In developing countries each year 215 million women who want to avoid pregnancy do not use effective methods of contraception. Pregnancy and childbirth complications are the leading cause of death and disability in young women. Nearly half of all pregnant women across the globe do not receive any skilled care. We know that over 20 million women have unsafe abortions and 10 to 15 million women suffer severe or long-lasting illnesses or disabilities caused by complications during pregnancy and childbirth. Maternal deaths are preventable—we know that. There is a global consensus on cost-effective solutions that include: effective family planning programs; skilled care for mothers and newborns before, during and after childbirth, including emergency obstetric care; and safe abortion when and where that is legal. Delivering these solutions to the world means that we must prioritise young people, strengthen national health systems that deliver for women and advance and protect human rights for girls and women.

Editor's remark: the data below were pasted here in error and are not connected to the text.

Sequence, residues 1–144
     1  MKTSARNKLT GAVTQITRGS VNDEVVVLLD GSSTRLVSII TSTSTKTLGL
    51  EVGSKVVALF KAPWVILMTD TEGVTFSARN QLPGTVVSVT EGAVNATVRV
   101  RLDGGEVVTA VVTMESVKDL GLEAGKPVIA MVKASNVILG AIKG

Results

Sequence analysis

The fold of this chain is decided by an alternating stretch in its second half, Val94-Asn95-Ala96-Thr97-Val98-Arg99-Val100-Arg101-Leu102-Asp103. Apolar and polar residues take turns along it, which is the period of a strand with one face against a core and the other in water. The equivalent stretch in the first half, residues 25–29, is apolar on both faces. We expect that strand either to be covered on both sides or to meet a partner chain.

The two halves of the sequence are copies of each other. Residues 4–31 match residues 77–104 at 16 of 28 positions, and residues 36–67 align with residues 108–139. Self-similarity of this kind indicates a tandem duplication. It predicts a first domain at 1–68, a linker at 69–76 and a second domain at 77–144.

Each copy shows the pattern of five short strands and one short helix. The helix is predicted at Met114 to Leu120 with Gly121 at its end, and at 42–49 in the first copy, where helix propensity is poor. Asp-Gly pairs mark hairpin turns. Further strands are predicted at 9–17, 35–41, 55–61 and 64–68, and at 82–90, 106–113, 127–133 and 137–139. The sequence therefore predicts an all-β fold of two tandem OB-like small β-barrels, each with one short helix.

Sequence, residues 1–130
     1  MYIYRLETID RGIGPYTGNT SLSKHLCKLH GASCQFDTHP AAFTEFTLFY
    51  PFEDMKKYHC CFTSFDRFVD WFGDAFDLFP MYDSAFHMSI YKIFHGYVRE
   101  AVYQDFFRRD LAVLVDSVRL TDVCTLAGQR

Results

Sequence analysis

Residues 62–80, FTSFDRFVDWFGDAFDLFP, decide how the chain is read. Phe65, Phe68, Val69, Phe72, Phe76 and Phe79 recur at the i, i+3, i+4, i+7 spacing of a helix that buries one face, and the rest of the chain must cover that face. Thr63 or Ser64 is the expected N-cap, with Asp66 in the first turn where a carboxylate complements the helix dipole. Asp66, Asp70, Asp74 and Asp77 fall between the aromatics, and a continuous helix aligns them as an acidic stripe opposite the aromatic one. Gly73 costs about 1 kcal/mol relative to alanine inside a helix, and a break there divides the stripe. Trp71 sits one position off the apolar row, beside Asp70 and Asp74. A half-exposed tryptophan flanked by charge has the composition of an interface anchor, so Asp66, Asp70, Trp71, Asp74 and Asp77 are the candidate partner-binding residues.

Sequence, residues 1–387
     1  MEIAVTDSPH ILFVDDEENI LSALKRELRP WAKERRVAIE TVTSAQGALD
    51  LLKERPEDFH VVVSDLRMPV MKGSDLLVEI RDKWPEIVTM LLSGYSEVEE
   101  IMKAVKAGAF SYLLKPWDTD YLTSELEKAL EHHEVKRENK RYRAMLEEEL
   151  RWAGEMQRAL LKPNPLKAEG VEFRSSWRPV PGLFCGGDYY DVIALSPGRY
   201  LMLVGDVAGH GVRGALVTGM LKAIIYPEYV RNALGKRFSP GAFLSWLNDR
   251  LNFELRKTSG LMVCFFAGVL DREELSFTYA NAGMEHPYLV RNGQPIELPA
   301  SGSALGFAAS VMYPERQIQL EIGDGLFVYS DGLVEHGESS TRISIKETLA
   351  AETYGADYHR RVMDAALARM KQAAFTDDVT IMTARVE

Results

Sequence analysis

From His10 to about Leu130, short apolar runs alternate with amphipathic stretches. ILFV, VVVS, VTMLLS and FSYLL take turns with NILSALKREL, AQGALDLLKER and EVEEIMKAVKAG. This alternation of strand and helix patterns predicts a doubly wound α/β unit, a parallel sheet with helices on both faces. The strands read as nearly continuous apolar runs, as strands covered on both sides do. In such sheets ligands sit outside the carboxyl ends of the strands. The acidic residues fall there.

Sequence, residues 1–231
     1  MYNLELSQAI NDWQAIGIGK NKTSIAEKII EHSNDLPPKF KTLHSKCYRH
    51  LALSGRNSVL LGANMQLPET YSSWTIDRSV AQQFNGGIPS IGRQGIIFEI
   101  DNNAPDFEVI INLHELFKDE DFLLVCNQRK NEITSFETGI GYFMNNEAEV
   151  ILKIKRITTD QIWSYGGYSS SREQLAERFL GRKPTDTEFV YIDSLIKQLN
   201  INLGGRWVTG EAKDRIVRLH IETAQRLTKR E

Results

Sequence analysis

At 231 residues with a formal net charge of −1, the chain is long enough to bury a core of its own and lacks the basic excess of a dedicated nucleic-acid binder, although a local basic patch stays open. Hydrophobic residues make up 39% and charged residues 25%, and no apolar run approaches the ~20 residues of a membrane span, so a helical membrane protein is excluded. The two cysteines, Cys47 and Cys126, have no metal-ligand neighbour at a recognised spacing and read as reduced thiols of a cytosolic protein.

Investing in women makes sense right now and is essential for our future. It was said and agreed that investing another $12 billion a year, for a total of $24 billion, would fulfil the unmet need for family planning and provide every woman with the recommended standard of maternal and newborn care. That investment would result in reducing unintended pregnancies by more than two-thirds, preventing 70 per cent of maternal deaths, averting 44 per cent of newborn deaths, reducing unsafe abortion by 73 per cent and cutting disability adjusted life years lost to pregnancy related illness and premature death by 66 per cent.